Established routines are amazing. They keep things running smoothly. They help us remember and help us work more efficiently. But breaking from your routine and trying something new can also be valuable, even when things don’t go very smoothly.
My teenage son with Autism asked if he could be on the middle school tennis team this year. Let’s just say that we survived a season that had more to teach us about life than it did about tennis.
My son isn’t new to sports. He’s been on his school track team for the last 2 seasons. Tennis was different because there were 3 different tennis teams – JV, JVA and JVB. We did what we usually do and put his JVB schedule into our family calendar. But because there were 3 different groups of tennis players doing 3 different things, we rarely had a tournament day go smoothly.
What went wrong?
– Traveling to a school with the wrong team
– Not traveling with his team
– Not understanding tournament cancellations caused by rain/weather conditions
The result: Our son wouldn’t be where we expected to pick him up. And because we weren’t familiar with the schedules for the other 2 teams, it was very difficult to find him.
Because my son is in the 8th grade and heading into high school next year, we wanted to lean on him rather than the school to solve this problem. He has a phone. We taught him to remember to bring it to school every day. He struggles to answer the question: Where are you? We showed him how to use an app called Glympse so he could send us his location in response to that question. It was a very bumpy season but instead of worrying about the tennis part, we focused on the problem solving involved in getting lost or not being where you thought you were supposed to be. These are life lessons that will serve him well.
I thought I was doing pretty well in terms of rolling with all of this chaos until we hit the last day of the season. It was supposed to be the end of the season party. It was cancelled. I think my son, my afternoon babysitter and I were all pretty exhausted from all of the scrambling that had gone on for the last 6 weeks. On this day when my son was once again stuck at school with nobody around, he took matters into his own hands. He walked home.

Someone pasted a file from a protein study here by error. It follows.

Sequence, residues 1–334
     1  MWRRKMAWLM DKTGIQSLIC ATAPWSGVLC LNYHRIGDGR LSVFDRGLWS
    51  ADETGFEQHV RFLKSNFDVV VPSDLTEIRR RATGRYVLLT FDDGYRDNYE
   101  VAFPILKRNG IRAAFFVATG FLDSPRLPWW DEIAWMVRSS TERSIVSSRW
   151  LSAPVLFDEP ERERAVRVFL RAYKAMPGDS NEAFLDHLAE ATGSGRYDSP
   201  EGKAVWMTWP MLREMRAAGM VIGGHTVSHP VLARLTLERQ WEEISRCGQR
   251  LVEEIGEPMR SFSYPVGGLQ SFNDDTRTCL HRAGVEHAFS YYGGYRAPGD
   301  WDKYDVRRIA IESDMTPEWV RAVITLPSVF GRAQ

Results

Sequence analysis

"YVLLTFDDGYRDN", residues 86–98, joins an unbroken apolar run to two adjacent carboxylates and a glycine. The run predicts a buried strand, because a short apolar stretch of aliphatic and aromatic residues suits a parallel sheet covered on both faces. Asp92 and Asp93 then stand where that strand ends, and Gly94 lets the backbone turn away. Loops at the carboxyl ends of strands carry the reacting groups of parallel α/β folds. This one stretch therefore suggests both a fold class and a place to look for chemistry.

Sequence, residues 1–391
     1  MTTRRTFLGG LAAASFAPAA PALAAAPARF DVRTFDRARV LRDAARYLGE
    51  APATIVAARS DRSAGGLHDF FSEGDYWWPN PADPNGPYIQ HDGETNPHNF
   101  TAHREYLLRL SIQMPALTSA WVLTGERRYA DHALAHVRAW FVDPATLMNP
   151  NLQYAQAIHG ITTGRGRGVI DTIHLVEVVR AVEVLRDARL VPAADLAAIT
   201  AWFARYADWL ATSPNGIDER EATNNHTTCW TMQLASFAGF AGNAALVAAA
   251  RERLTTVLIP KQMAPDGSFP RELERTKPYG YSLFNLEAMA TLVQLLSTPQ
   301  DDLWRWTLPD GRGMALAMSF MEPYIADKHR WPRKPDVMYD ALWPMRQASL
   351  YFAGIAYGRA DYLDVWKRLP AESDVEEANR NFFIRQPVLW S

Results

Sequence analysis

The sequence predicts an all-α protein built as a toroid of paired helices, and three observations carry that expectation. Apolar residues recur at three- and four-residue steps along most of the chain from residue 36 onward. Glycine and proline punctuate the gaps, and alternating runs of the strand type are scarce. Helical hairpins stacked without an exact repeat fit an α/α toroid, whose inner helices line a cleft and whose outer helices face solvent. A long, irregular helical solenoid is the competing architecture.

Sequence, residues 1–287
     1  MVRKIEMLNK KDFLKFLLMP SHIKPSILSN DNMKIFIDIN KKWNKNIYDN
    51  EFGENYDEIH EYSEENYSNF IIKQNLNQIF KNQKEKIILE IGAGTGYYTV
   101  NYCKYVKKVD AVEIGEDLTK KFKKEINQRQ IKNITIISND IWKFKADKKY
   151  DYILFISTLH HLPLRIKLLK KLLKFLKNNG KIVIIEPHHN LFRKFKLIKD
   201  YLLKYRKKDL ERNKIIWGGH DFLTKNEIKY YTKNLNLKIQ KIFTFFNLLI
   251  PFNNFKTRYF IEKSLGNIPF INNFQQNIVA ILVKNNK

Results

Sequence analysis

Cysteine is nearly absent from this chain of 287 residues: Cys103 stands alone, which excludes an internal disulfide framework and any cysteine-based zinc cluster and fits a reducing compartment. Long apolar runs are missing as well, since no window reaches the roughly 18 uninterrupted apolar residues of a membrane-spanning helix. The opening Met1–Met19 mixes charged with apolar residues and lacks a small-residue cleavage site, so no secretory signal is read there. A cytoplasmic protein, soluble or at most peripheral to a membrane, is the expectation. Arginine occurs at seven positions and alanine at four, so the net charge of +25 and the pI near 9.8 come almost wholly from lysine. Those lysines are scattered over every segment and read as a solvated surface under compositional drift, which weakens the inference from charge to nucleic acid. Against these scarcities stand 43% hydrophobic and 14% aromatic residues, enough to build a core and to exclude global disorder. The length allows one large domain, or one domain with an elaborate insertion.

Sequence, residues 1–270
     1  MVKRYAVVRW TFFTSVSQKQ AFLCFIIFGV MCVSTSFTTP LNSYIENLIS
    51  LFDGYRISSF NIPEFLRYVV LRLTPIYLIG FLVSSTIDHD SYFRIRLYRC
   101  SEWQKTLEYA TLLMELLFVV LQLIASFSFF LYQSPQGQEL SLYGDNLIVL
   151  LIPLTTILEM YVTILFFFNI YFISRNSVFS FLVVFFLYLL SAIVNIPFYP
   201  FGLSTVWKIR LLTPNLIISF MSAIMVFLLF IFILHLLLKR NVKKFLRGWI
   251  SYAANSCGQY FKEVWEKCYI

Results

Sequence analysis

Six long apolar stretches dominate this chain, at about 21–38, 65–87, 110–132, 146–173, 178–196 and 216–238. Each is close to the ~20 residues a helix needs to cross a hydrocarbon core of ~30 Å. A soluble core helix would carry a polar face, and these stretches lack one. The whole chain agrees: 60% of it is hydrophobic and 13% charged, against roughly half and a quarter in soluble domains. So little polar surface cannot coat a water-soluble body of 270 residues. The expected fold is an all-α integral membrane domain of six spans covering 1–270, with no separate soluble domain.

Walking home may not seem like a big deal but in our case it was. My son doesn’t attend the school in our neighborhood because it doesn’t have an Autism program. His school is about 7 miles from our home and you must travel along a very dangerous road. How dangerous? Let’s just say there are memorial markers from bike accidents and killed pedestrians all along this road. After figuring out what he had done, it was a mix of relief that he arrived home safely, celebration that he’s so capable, and a very strong message to never do that again!
As we head into basketball season, we’re going to have a 30 minute sit down with the coach and his case manager to figure out any details that may lead to problems like the ones we had during tennis season. And we have a few new programs we’re adding to his ABA Therapy routine that focus on problem solving that will help him in future situations like we had with tennis.
If we had never signed up for tennis, our smooth routine would have given us a false sense that things were going better than they were. This experience has opened our eyes to new things we need to teach our son. And now we’re ready to tackle these challenges together.